• Students are not permitted to loan money to other students or to purchase items, including meals, for other students. Students who have difficulty budgeting their money should speak with the Center’s Director. All receipts must be turned in before a student can receive their next maintenance check.
  • Students have access to a refrigerator and microwave in the Home Management area for lunches. Most students bring in a sack lunch from their apartment. Other options include having lunch delivered at the IDB front desk or purchasing items from the vending machines in the lobby area. It is the students’ responsibility to ensure their space is cleaned after eating. Food and beverages without lids, are not permitted in the computer or braille rooms at any time.
  • To aid speed of learning and transferability of skills, instructors will give students assignments to be completed non-visually outside the classroom. Students will be expected to complete these assignments on time.

Workplace Expectations

  • Students must keep phones on silent during class time and mandatory Center activities. If expecting an emergency call, students should alert the necessary Center staff during the class day. Talking time pieces are not permitted without permission from the Center Director.
  • As this is a pre-vocational training program, the dress code for Center students is business casual. Students are expected to follow the dress code that has been approved for IDB staff and can be found at https://blind.iowa.gov/manual#dress. Students will be given guidelines for appropriate dress during Center activities. On most Fridays, the agency has jean day when students can wear jeans. Staff will inform students of events where jean day will not be permitted. If you currently do not possess the required type of attire, let the Center Director know so options can be discussed. It will be useful to have this business casual clothing following training for interviews and employment.
  • Center students are prohibited from keeping dangerous weapons on Department premises, including in their apartments. Such weapons include but are not limited to firearms, explosives, poisonous gas, stun guns, antique and replica firearms, bows and arrows, knives with blades in excess of five inches in length, incendiary devices, switchblade knives, and stiletto. Any such weapons are subject to confiscation by Department staff and will be returned to students when training is ended.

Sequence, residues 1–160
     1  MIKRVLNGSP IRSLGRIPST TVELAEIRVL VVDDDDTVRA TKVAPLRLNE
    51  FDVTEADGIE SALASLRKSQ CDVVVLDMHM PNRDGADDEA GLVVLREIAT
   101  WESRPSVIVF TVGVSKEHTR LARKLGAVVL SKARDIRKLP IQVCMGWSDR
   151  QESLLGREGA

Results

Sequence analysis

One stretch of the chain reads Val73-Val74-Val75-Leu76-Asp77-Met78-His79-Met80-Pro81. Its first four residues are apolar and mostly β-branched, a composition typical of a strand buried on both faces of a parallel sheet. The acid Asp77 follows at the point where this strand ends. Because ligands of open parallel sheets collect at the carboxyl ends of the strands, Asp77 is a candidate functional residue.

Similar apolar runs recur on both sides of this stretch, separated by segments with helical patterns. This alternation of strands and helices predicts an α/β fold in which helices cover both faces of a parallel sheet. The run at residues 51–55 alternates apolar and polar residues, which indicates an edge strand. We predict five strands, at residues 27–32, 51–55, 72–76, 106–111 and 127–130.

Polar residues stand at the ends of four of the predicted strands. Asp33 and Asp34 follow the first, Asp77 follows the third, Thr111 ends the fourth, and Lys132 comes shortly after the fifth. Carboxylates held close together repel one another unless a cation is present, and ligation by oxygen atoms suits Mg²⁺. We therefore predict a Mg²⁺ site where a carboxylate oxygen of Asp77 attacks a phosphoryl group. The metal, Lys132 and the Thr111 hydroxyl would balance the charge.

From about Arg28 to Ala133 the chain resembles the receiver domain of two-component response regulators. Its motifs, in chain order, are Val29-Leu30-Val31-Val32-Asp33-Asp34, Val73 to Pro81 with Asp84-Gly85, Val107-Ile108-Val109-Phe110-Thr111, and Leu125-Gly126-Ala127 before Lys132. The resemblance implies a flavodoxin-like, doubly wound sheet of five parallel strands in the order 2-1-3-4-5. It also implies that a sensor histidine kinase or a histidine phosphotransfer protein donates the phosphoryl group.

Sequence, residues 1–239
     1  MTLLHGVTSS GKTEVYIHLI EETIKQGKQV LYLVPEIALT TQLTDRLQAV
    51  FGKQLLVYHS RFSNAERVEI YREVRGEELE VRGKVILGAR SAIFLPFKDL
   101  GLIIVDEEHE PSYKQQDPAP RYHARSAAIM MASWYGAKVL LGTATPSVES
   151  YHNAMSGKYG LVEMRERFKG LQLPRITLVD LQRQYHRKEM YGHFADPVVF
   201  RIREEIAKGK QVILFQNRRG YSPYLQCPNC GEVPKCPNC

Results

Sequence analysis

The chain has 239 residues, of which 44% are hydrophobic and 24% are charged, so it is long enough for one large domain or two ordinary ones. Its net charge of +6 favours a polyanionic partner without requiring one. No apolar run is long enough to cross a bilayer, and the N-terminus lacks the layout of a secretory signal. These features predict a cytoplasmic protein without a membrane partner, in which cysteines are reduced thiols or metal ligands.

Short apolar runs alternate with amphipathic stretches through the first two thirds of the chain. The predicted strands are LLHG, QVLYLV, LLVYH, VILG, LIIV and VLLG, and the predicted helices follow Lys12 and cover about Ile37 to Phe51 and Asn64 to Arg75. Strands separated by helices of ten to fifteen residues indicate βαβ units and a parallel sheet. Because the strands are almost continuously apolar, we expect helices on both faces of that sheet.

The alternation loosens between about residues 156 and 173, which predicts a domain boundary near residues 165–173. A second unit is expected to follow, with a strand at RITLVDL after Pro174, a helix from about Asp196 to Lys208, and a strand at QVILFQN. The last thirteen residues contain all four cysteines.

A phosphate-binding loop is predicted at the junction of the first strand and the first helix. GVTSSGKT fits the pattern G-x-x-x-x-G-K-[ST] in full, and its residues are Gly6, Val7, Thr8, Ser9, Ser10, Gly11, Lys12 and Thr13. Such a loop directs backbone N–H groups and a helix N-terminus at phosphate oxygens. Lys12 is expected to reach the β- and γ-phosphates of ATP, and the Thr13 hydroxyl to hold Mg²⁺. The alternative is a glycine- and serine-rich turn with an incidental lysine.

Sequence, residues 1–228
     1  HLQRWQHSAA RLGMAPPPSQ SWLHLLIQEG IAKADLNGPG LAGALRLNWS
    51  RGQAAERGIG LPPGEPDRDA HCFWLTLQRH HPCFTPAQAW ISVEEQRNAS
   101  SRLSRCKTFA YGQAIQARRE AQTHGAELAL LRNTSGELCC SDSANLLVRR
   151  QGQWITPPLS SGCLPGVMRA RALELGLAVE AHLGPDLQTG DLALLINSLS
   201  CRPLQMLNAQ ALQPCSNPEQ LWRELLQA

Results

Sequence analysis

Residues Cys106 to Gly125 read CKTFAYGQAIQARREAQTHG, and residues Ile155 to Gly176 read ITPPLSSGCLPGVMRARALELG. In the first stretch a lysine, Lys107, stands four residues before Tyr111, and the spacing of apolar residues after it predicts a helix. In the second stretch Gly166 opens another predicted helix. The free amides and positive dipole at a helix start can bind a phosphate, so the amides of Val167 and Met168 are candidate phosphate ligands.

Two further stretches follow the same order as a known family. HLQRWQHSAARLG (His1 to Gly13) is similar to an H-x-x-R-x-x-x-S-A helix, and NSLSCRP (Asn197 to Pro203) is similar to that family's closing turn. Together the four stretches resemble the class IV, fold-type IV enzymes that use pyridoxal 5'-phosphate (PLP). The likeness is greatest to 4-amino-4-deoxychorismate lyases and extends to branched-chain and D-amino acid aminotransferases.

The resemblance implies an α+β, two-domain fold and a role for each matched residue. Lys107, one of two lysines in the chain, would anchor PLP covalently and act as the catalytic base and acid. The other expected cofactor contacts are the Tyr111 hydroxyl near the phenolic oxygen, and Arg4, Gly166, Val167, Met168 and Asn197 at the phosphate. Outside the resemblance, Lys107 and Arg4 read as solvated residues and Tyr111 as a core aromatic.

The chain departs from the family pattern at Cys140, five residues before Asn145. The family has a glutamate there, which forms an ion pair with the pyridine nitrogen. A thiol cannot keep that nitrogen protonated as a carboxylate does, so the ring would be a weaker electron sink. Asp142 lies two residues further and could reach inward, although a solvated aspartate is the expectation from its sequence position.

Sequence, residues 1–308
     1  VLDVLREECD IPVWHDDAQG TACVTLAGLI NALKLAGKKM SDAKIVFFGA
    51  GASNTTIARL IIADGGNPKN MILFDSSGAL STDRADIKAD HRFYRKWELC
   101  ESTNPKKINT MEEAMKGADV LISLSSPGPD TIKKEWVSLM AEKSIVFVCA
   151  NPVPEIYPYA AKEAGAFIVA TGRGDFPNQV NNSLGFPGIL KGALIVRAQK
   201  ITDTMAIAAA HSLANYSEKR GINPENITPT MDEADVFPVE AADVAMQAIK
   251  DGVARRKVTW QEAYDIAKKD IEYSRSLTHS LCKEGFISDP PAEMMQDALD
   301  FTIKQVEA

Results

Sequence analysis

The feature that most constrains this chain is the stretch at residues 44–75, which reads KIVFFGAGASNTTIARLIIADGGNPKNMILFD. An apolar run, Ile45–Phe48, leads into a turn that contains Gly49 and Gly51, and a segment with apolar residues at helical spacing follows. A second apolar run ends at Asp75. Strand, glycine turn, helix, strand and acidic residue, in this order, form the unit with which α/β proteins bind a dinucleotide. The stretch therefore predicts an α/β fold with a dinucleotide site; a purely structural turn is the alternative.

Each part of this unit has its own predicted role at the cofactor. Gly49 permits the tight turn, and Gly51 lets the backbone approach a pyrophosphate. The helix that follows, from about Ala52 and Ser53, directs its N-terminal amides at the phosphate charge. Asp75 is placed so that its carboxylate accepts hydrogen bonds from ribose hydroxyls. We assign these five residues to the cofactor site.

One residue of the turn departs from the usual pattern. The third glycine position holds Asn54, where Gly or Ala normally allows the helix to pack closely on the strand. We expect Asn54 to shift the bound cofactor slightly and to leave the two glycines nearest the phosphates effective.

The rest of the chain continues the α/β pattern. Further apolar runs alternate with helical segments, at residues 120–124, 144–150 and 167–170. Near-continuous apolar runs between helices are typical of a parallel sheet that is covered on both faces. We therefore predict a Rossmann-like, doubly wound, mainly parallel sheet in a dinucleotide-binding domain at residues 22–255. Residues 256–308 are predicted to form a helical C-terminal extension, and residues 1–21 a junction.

• Classes are scheduled from 8:00 A.M. to 4:30 P.M. which includes a scheduled lunch. Students are expected to be on time for all classes. Students are responsible for calling in before 7:30 in the morning if they are ill or for some other reason are unable to attend classes. Roll call is taken at 8:00 AM, followed by announcements. A student who is late or absent and does not call the Center by the time roll call is taken will be counted late/absent. Deductions will be made from student monthly maintenance for lateness and unexcused absences. Specific details about attendance and absences can be found later in this handbook under attendance guidelines.
  • Center students are expected to refrain from using or participating in the use of any form of communication that contains false, fraudulent, deceptive, or unfair statements or claims concerning fellow students, Iowa Department for the Blind staff members, or Center rules and guidelines in place within the Center.
  • Students are expected to follow the Professionalism guidelines, Anti-Discrimination Policy, and Violence-Free Training Environment Policy outlined below at all times while participating in the Iowa Blindness Empowerment and Independence Center program.

Counseling and Training Professionalism Standards for IDB Staff and Clients

To provide the most effective counseling and training possible, we need to create a climate of mutual respect. Everyone is expected too conduct themselves in a kind and professional manner. This means:

  • No one will make sexual comments or jokes.
  • No one will make derogatory statements or jokes about race, gender, gender expression, sexual orientation, religion, or disability, or that make negative generalizations about any group of people.
  • Everyone will use the preferred name and pronouns of the people with whom they are working.